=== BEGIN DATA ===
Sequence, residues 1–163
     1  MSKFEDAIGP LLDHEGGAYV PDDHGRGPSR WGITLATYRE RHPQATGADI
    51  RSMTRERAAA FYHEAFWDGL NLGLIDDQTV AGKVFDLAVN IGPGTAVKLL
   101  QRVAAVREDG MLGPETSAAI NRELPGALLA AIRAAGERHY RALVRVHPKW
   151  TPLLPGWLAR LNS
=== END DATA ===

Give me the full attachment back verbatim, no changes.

Sequence, residues 1–163
     1  MSKFEDAIGP LLDHEGGAYV PDDHGRGPSR WGITLATYRE RHPQATGADI
    51  RSMTRERAAA FYHEAFWDGL NLGLIDDQTV AGKVFDLAVN IGPGTAVKLL
   101  QRVAAVREDG MLGPETSAAI NRELPGALLA AIRAAGERHY RALVRVHPKW
   151  TPLLPGWLAR LNS